The justices are considering a ruling in the case of the Westboro Baptist Church of Topeka, Kan., whose members show up at the funerals of service members to aggressively protest what they consider the military's toleration of homosexuality and the toleration of homosexuality in the United States.
The father of a Marine killed in the line of duty in Iraq took the protesters to court in Maryland. A jury agreed with the Marine's family, holding the church members liable for disrupting the funeral. A federal judge upheld the verdict and $5 million in damages for emotional distress, but a federal appeals court reversed, saying the protesters were using "rhetorical hyperbole" absolutely protected by the First Amendment.
Normally, the federal courts and particularly the Supreme Court wouldn't touch a political case with a 10-foot pole.
But if church members lose their case at the Supreme Court, and the decision is broad enough, it could open the gates for civil suits against violent speech that incites crime -- except that is not likely to happen given the First Amendment and high court precedent on abortion protests in the 1990s. The most likely result is that the justices will defend court action that creates a limited buffer zone between the church protesters and funerals, but will find their speech protected by the First Amendment.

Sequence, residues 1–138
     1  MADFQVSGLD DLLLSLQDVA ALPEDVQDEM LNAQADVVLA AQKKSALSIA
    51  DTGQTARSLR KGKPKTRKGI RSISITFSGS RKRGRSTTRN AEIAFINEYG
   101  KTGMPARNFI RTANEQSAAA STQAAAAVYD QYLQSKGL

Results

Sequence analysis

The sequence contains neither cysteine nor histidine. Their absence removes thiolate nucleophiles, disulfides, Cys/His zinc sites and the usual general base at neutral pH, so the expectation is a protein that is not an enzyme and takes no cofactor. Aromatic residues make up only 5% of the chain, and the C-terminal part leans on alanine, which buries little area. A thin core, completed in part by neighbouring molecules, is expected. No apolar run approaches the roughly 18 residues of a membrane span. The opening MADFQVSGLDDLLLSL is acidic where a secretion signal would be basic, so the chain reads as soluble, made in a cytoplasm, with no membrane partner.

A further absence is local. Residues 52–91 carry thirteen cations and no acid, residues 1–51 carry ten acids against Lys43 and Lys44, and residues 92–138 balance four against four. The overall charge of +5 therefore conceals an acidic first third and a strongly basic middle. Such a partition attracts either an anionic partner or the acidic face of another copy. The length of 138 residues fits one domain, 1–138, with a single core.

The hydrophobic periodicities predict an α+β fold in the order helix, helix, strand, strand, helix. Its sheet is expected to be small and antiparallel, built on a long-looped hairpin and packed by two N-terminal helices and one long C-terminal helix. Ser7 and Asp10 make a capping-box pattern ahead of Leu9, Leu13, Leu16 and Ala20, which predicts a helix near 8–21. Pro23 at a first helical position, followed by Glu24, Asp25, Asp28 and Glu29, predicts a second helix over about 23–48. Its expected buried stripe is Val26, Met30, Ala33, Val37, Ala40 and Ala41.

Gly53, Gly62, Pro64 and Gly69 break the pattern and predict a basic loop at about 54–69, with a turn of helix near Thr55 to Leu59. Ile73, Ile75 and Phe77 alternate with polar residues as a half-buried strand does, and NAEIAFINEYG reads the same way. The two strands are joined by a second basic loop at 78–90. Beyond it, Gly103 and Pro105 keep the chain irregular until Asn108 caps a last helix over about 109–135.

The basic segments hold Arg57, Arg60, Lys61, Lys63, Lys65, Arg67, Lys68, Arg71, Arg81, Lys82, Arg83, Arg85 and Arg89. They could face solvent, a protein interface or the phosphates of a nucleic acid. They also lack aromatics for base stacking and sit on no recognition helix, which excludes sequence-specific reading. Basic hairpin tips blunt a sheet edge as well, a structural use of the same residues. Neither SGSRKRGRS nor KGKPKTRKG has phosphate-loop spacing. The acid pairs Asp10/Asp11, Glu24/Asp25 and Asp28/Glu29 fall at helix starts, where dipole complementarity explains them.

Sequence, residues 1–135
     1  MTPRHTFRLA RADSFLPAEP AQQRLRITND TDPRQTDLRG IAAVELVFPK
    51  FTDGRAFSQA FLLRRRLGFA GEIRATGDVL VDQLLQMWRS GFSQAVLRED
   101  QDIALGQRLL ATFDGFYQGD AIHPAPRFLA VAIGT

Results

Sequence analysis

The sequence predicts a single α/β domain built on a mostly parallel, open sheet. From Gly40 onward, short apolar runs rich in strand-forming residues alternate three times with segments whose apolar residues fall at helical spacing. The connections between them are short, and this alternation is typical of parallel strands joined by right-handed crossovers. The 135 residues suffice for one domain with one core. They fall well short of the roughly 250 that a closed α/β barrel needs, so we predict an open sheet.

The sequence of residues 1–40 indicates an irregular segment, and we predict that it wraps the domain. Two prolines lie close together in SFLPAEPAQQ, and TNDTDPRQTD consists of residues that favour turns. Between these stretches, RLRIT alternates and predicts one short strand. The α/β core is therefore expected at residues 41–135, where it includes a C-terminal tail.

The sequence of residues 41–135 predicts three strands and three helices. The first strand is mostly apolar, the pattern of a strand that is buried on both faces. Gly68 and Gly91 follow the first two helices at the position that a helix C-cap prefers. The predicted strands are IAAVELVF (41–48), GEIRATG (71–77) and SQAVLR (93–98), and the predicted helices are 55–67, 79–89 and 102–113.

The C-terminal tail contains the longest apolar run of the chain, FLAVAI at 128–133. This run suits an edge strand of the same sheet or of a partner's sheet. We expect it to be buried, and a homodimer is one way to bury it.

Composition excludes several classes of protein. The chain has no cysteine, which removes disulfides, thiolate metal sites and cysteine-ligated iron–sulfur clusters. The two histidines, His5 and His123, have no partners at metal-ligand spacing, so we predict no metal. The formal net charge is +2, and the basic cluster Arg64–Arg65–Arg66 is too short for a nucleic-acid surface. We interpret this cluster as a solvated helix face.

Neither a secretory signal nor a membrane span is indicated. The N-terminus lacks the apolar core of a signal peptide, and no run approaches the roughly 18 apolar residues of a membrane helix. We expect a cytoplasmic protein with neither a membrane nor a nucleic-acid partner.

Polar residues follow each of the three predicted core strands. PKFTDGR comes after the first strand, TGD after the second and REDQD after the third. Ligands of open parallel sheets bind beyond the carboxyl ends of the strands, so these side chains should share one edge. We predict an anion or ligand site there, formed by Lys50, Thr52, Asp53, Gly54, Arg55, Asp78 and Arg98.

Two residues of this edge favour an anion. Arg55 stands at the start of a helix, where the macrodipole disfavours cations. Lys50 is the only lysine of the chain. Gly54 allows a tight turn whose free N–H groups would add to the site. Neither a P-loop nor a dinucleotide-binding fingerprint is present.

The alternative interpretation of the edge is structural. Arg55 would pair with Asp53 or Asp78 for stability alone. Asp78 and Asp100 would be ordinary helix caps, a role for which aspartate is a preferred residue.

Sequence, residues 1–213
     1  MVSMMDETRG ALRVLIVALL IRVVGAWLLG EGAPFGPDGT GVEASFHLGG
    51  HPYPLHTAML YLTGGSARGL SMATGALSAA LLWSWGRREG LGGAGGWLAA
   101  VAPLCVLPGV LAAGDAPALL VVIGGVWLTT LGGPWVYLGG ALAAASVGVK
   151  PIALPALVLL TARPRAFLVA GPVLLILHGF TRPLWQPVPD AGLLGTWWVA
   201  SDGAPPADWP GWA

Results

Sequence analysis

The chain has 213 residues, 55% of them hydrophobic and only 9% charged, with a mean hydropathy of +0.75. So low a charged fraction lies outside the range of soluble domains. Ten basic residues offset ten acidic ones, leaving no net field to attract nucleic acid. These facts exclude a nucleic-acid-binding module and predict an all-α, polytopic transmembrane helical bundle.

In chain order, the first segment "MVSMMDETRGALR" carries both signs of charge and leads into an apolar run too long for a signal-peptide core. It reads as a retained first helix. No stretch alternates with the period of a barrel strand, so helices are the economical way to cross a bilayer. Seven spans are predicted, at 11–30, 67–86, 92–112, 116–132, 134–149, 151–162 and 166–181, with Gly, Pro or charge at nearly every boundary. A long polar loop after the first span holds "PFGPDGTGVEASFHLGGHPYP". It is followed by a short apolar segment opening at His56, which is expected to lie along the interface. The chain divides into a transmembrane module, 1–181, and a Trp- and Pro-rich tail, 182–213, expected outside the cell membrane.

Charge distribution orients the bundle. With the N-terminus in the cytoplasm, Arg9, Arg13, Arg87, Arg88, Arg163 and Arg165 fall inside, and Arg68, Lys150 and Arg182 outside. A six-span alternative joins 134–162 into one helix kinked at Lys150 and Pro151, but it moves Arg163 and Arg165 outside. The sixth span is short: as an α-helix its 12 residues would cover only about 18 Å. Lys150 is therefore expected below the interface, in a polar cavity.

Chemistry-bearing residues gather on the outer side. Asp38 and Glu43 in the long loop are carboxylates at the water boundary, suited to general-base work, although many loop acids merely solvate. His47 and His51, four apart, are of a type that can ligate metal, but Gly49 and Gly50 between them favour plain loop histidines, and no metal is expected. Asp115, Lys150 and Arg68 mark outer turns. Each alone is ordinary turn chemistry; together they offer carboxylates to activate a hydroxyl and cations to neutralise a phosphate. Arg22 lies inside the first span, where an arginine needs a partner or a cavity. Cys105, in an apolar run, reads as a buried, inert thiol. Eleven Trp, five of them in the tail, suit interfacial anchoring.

Meanwhile, in a move aimed at the Westboro protesters, Arizona has enacted a law making it illegal to picket "within 300 feet of any home, cemetery, funeral home or house of worship before, during or immediately after a ceremony or burial," the Arizona Daily Star reported.
Westboro church members had threatened to protest at the funerals of the Tucson victims but retracted the threat after being offered radio time.
In a telephone interview with the New Times in Phoenix, Shirley Phelps-Roper, a leader of the Westboro Baptist Church, said Loughner had acted on God's instructions.
"God sent the shooter -- that guy's bat-(expletive) crazy -- but God sent him."